Attila Vitai, the newly appointed MD of Telkom’s mobile division, has arguably one of the toughest jobs in South Africa’s telecommunications industry. It’s his task to turn the country’s fourth mobile entrant into a viable and, eventually, a profitable enterprise in what has become a highly competitive market.
“The dynamics favour those who made the land grab first, namely Vodacom and MTN in South Africa,” he concedes. “The third and fourth operators typically have a very tough time. But Telkom is not a typical third or fourth operator.”
In most markets, late entrants are not linked to the incumbent fixed-line operator, as is the case in South Africa, and this gives Telkom a number of key advantages as it tackles the mobile industry, Vitai believes.
“We have 4m customers at Telkom. If we manage to crack the fixed-mobile convergence story and offer our existing fixed-line customers some kind of converged offering, given the loyalty that these 4m customers have towards the company, I believe we can make meaningful inroads into the marketplace. There is a rationale, a business case, if we can truly crack this convergence story.”
Until now, though, Vitai argues, Telkom hasn’t had the mobile infrastructure in place to be able to do it properly. “You have to have a mobile network that satisfies expectations and there’s no point trying to make these kinds of offers when you have only 200 base stations around the country.”
Telkom today has more than 2 000 of its own mobile towers, meaning it is less reliant on its roaming agreement with rival MTN.
Another key focus must be on broadband. Although voice is still important in the mix, real growth will come from data services. And it’s here, with Telkom’s radio frequency spectrum assets, where it is better placed than its competitors, Vitai says. “We have the ability offer a superior data service and our focus will be on bundling that with our fixed-line offering,” he says.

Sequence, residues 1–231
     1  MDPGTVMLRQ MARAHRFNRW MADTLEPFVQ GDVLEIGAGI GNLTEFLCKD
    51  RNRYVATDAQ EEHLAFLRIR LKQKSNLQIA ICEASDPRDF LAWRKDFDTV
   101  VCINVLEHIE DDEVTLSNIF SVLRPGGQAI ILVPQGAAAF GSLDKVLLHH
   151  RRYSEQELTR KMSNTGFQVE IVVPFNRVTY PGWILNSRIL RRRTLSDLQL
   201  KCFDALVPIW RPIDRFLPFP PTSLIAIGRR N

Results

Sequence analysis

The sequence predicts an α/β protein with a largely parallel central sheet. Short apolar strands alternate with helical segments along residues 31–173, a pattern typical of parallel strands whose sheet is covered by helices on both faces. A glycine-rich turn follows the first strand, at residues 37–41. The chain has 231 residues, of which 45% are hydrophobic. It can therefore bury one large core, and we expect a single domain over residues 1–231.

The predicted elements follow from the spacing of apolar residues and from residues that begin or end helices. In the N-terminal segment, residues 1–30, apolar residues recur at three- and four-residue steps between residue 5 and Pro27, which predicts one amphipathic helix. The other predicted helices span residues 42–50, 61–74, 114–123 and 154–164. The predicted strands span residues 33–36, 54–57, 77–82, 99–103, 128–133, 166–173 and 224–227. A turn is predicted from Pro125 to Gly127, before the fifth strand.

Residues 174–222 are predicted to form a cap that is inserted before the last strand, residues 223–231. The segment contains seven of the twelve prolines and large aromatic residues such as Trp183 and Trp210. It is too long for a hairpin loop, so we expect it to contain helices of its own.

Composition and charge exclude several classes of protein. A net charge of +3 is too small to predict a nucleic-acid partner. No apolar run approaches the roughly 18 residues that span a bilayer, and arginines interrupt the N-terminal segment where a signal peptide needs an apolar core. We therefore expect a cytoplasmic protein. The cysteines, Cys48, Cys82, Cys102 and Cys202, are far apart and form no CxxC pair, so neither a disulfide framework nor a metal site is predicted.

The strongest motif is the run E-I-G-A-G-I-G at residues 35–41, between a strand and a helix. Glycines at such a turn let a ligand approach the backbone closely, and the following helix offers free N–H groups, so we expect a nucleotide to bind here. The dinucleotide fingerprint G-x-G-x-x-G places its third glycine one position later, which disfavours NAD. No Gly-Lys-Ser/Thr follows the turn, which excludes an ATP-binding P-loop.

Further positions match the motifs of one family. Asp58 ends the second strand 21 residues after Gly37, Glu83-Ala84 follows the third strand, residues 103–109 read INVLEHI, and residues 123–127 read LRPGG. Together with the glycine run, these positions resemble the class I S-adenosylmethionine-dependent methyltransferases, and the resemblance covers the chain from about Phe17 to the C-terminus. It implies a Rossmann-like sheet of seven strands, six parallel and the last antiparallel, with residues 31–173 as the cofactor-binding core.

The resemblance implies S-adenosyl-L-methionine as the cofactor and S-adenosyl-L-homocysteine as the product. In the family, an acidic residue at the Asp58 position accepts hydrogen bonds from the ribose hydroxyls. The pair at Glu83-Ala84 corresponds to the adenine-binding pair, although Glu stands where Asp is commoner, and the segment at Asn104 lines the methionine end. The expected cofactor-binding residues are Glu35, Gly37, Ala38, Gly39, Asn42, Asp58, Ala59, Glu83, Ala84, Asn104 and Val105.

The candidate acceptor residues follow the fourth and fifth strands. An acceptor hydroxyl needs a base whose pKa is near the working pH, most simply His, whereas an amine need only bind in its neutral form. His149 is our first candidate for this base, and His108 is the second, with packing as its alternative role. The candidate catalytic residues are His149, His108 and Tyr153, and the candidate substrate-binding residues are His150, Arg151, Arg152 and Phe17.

Telkom has access to a large and valuable chunk of spectrum in the 2,3GHz band, which is the frequency being used by operators in China and India, the world’s two largest markets by population size, to deploy fourth-generation (4G) mobile broadband networks. (Read: How 8ta could beat rivals at 4G.)
25 years in tech
Vitai brings 25 years of technology and telecoms experience to Telkom. He has worked previously as a vice-president for Motorola, where he ran, among other portfolios, the telecoms division in Europe, the Middle East and Africa.
He joined Vodafone in 1999 as group commercial director before being deployed to his native Hungary to run the UK mobile group’s recently acquired licence in that market. He ran the operation for six years, before being seconded to Telsim in Turkey, another Vodafone acquisition.
“I did that for two years, but for various family reasons I wanted to get back to the UK,” he says. “However, there was no real job for a CEO whose main experience was in developing countries like Hungary and Turkey.”
Besides, he says, he was approaching the age of 55, when senior executives at Vodacom are “encouraged to retire”.
“So, I retired and officially became a pensioner. I thought it would be golf and tennis all day long, but you can only have so much of a good thing,” he says. “I got bored and soon set up a private equity fund with former Vodafone and Motorola colleagues to invest in start-up and early-stage companies.”
Vitai, who is married with two children, also used this time to consult to operators in Europe, the Middle East and the Caribbean and also chaired a number of small companies.
At the end of 2011, Telkom approached him through executive headhunters for the mobile job. He spent a fair amount of time thinking about it, but eventually, after meeting outgoing Telkom group CEO Nombulelo Moholi, he decided it would be a “fun thing to do”.
“My experience lends itself to this kind of environment.” — (c) 2012 NewsCentral Media